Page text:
Some time back I was shopping for a flat screen TV. My first stop was one of those big box electronics superstores where I was met by a young, yet no doubt very knowledgeable salesperson.
In response to my obviously well thought through first question "Ah...what's the difference between all these various brands and models... and ...um...which one is better?" he led me on a journey from set to set while citing at great length all of their technical specifications.
He talked of DPI, NPR, HDMI as well as the intricacies of NTSC, ATSC and QAM tuners, then compared Plasmas, LCDs and LEDs and even a few 3Ds in terms of contrast ratios and video frame versus screen refresh rates.
Clearly this guy knew his stuff, but after about 45 minutes of this, my head started to hurt and I left the store more confused and no closer to a purchase decision than when I had entered. I also left wondering just how and when I had become so technologically inept.
After a few days of licking my wounds and trying to convince myself I could live with the poor picture quality and rather annoying high pitch squeal that sporadically emanated from the old set, I built up my courage and decided to give it another try. But this time before heading out, I decided to do a little research and find out what some of these seemingly all important terms meant.
A few hours later, armed with the knowledge that DPI stood for dots per inch and that NPR was short for native pixel resolution, but still not knowing what all this meant or why it mattered, I found myself at the entrance to a Sony Store. I believe I was attracted there by the fact that it was much smaller and looked a whole lot less intimidating than the big box shop mentioned earlier.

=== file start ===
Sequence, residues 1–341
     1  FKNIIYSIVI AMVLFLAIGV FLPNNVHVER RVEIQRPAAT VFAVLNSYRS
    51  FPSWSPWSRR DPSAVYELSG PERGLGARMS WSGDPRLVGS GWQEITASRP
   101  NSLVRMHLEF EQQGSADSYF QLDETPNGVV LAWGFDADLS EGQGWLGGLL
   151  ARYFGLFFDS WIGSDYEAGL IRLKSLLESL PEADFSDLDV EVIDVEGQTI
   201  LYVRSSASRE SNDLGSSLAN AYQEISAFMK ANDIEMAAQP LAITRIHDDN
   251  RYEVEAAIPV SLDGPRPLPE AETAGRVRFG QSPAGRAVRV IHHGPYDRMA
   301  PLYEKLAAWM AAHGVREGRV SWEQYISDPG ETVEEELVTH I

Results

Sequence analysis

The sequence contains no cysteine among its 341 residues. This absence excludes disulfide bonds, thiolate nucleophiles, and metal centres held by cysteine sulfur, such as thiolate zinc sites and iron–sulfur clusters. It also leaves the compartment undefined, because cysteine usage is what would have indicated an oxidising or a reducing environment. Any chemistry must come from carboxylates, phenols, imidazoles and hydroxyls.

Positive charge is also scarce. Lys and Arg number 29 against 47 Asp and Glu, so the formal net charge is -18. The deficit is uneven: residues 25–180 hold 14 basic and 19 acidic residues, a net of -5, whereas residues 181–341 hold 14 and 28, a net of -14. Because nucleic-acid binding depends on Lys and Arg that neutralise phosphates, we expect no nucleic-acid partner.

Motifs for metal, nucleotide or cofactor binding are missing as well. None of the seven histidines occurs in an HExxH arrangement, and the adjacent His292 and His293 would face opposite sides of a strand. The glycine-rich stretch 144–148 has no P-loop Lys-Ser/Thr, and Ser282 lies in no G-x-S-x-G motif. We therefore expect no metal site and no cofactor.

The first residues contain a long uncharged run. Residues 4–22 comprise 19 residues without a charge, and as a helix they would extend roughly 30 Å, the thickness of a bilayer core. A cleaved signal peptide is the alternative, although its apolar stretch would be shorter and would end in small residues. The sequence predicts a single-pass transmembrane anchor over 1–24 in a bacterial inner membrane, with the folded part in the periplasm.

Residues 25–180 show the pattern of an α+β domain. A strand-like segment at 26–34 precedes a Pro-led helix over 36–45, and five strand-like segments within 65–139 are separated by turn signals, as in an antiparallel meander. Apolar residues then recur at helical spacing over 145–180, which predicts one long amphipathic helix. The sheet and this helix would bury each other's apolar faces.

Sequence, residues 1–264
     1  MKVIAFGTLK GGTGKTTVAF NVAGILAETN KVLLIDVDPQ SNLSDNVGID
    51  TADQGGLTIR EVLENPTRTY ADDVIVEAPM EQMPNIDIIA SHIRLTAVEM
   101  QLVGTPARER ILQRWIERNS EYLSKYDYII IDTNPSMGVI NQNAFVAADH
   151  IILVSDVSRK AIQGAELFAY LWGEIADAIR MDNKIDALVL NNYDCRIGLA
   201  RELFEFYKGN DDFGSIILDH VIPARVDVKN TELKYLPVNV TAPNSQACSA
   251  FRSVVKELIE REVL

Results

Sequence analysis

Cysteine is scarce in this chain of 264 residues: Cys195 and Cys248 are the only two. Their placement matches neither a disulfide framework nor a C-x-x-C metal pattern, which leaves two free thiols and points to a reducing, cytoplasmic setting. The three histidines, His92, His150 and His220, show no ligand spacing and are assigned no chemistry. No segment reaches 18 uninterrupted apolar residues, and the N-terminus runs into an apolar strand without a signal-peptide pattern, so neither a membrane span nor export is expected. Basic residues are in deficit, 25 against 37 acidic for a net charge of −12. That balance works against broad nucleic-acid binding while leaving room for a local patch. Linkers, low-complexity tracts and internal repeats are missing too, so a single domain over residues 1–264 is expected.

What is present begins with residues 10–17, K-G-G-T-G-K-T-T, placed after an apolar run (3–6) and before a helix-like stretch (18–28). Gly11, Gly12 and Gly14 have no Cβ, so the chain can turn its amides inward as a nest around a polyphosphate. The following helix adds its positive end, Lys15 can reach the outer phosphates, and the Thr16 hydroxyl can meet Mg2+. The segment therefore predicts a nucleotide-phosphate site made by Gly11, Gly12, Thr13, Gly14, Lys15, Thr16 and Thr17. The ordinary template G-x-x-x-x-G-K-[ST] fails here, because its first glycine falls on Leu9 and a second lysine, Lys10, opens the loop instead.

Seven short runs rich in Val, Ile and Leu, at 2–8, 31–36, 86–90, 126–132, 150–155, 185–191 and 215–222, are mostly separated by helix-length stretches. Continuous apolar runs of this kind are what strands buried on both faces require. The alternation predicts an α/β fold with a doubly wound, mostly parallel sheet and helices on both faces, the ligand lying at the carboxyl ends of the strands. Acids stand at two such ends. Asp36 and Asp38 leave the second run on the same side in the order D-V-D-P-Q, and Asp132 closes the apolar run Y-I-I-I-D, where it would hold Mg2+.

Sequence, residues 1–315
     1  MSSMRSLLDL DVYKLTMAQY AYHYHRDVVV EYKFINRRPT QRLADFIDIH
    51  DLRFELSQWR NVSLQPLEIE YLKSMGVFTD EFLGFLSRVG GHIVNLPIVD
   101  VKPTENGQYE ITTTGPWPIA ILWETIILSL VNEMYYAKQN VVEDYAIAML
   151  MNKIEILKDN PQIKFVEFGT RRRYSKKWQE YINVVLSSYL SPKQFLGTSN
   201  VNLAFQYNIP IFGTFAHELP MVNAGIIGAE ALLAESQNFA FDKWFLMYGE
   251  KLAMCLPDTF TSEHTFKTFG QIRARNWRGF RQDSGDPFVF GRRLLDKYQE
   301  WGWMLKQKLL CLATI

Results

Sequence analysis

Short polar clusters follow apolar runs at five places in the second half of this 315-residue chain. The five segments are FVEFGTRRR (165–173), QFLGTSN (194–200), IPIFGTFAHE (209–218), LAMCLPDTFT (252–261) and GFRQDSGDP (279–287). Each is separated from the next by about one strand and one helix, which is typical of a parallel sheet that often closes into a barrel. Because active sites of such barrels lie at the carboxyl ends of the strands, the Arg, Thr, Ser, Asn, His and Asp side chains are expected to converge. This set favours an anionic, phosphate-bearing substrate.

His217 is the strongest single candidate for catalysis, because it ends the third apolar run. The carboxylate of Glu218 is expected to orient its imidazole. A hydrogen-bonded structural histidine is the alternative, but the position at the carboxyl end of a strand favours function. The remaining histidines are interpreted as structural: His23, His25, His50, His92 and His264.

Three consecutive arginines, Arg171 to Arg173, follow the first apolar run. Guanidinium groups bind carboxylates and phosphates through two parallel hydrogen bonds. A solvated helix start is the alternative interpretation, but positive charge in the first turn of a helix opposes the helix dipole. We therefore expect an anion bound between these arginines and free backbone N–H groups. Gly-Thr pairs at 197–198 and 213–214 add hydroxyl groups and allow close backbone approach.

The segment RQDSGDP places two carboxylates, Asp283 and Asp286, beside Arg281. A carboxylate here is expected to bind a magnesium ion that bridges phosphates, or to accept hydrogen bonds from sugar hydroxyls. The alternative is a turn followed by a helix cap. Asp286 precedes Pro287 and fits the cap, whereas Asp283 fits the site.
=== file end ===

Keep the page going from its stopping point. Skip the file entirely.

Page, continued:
Nonetheless, I was still feeling anxious and somewhat guarded when I was approached by a friendly looking gentleman who asked "How can I help you?" to which I hesitantly replied "I am looking for a new TV."
Much to my surprise, rather than lead me to the wall of TVs on offer, he invited me to take a seat in one of several comfortable leather chairs strategically placed throughout the store. He then proceeded to ask me a number of questions which included but where not limited to the following:
- What kind of programs do you enjoy watching most?
- How much television do you typically watch in a week?
- What are the dimensions of the room in which you plan to put your new TV?
- What are the main sources of light in this room?
- How far from the screen is your favorite chair?
- When other family members join you to watch television, where do they sit?
- What is the widest angle off center of the screen are these other seats?
While there was no mention of DPIs, NPRs, or any other verbal display of his technical knowledge during the entire time the salesman and I were together, I knew from the questions he had asked, this guy knew it all. And even though I also knew I could get a similar model, if not the very same TV at the big box store for a lower price, after a few minutes of contemplation, I made my choice and called him over to complete the sale.
Once the paperwork was taken care of and a delivery date agreed, I walk away confident that I had made the right decision and knowing I had finally found someone who could guide me through the set up of the system as well as the dreaded programming of the remote without making me felling like a technology challenged imbecile, even if I am.
So now back to our original question - which is more important - the Q’s or the A’s?
I believe that in sales and service (and for that matter in life) success is not so much a result of having all the right answers, but more the product of asking all the right questions… and I suspect this applies to both buyers and sellers alike.
What do you think?
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